Cysticercosis

Definition

Cysticercosis is an infection by a parasite called Taenia solium (T solium). It is a pork tapeworm that creates cysts in different areas in the body.

Causes

Cysticercosis is caused by swallowing eggs from T solium. The eggs are found in contaminated food. Autoinfection is when a person who is already infected with adult T solium swallows its eggs. This occurs due to improper hand washing after a bowel movement (fecal-oral transmission).

Risk factors include eating pork, fruits, and vegetables contaminated with T solium as a result of undercooking or improper food preparation. The disease can also be spread by contact with infected feces.

The disease is rare in the United States. It is common in many developing countries.

Symptoms

Most often, the worms stay in muscles and do not cause symptoms.

Symptoms occur depending on where the infection is found in the body:

Exams and Tests

Tests that may be done include:

Treatment

Treatment may involve:

If the cyst is in the eye or brain, steroids should be started a few days before other medicines to avoid problems caused by swelling during antiparasitic treatment. Not all people benefit from antiparasitic treatment.

Sometimes, surgery may be needed to remove the infected area.

Outlook (Prognosis)

The outlook is good, unless the lesion has caused blindness, heart failure, or brain damage. These are rare complications.

Possible Complications

Complications may include:

When to Contact a Medical Professional

If you have any symptoms of cysticercosis, contact your health care provider.

Prevention

Avoid unwashed foods, do not eat uncooked foods while traveling, and always wash fruits and vegetables well.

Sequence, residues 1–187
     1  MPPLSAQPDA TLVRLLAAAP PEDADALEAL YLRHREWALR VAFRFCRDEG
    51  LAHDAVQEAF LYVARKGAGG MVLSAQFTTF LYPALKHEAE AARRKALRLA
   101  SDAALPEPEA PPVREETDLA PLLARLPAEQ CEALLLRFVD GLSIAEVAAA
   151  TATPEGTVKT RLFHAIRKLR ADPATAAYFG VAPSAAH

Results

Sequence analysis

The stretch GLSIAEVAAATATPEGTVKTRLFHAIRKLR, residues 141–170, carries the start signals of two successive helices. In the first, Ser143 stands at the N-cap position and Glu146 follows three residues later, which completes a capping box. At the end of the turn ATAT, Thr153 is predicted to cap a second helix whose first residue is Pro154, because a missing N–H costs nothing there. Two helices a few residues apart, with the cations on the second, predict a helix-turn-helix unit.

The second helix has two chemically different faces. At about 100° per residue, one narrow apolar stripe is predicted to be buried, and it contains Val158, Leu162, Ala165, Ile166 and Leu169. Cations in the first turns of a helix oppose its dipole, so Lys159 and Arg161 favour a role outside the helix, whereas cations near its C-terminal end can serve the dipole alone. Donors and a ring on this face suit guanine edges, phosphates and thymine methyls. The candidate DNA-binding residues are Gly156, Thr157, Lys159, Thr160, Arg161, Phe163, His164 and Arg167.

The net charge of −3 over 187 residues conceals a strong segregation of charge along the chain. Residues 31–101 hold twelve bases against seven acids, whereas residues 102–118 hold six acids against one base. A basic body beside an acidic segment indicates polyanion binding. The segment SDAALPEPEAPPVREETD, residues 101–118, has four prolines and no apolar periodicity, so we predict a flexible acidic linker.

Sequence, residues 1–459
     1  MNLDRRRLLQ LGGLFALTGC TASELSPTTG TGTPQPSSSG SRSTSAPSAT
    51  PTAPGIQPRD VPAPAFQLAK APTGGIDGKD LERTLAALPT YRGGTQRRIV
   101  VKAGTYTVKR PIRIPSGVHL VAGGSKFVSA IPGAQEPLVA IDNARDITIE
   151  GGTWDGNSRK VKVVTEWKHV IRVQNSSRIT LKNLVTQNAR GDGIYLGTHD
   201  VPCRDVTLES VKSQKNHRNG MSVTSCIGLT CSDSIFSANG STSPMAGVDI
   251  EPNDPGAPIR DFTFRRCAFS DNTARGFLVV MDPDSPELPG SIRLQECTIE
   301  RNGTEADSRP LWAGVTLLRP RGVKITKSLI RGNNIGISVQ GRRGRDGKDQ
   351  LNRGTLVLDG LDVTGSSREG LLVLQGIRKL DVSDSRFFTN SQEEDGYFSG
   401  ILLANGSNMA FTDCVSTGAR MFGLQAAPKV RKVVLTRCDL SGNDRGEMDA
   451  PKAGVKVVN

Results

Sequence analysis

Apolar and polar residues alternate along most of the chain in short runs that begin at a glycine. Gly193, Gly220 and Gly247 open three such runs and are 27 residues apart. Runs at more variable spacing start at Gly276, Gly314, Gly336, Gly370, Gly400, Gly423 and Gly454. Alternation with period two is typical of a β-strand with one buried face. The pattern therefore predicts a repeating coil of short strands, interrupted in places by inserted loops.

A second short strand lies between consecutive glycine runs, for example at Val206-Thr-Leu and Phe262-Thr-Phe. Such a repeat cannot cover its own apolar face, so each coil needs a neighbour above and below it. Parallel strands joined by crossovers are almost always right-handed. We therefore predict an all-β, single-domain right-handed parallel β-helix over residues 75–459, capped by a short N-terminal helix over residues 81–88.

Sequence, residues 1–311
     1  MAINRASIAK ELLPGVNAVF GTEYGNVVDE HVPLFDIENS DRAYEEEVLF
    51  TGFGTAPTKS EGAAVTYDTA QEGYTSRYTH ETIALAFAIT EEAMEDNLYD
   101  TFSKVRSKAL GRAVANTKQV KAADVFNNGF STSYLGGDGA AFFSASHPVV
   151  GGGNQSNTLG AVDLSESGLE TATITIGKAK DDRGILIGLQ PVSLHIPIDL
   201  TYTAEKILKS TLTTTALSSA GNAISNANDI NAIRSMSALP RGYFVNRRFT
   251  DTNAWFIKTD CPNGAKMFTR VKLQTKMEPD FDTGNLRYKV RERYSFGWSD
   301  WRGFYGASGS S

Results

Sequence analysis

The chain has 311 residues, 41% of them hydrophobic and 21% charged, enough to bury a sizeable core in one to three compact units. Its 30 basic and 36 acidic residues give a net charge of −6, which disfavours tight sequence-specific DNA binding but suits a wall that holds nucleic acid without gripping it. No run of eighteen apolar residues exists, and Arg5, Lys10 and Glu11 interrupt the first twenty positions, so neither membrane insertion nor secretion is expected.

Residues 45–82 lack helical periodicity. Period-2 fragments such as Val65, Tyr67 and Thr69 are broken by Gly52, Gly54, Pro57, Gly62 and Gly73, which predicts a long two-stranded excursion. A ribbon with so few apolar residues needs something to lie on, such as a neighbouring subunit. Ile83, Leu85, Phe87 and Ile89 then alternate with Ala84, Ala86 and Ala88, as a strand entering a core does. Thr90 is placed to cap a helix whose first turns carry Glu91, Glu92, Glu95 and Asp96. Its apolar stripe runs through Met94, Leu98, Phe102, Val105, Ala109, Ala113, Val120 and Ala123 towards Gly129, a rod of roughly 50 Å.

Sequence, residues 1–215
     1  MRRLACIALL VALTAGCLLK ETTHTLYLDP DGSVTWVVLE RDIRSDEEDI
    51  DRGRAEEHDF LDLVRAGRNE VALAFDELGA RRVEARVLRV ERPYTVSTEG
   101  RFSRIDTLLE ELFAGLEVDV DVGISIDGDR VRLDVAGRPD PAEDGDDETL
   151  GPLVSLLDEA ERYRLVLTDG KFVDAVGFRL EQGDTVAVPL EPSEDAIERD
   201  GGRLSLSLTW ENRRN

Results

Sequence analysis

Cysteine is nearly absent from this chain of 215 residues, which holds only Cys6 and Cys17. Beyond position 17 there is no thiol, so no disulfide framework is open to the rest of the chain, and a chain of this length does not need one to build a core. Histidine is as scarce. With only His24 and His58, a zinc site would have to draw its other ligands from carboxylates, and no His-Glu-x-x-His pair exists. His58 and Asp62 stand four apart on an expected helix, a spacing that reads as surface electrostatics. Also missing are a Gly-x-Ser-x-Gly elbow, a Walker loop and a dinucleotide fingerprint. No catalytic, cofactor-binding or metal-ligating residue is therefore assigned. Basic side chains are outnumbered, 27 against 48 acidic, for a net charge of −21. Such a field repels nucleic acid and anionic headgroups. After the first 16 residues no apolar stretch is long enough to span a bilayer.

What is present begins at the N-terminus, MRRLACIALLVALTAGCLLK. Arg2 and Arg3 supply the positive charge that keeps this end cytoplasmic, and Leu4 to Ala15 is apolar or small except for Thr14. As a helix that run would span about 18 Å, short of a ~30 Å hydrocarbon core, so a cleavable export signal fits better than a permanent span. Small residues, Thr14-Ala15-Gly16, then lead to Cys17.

References

White AC, Brunetti E. Cestodes. In: Goldman L, Schafer AI, eds. Goldman-Cecil Medicine. 26th ed. Philadelphia, PA: Elsevier; 2020:chap 333.

White AC, Fischer PR. Cysticercosis. In: Kliegman RM, St. Geme JW, Blum NJ, Shah SS, Tasker RC, Wilson KM, eds. Nelson Textbook of Pediatrics. 21st ed. Philadelphia, PA: Elsevier; 2020:chap 329.


Review Date: 11/23/2021
Reviewed By: Jatin M. Vyas, MD, PhD, Associate Professor in Medicine, Harvard Medical School; Associate in Medicine, Division of Infectious Disease, Department of Medicine, Massachusetts General Hospital, Boston, MA. Also reviewed by David Zieve, MD, MHA, Medical Director, Brenda Conaway, Editorial Director, and the A.D.A.M. Editorial team.
The information provided herein should not be used during any medical emergency or for the diagnosis or treatment of any medical condition. A licensed medical professional should be consulted for diagnosis and treatment of any and all medical conditions. Links to other sites are provided for information only -- they do not constitute endorsements of those other sites. © 1997- A.D.A.M., a business unit of Ebix, Inc. Any duplication or distribution of the information contained herein is strictly prohibited.
© 1997- adam.comAll rights reserved.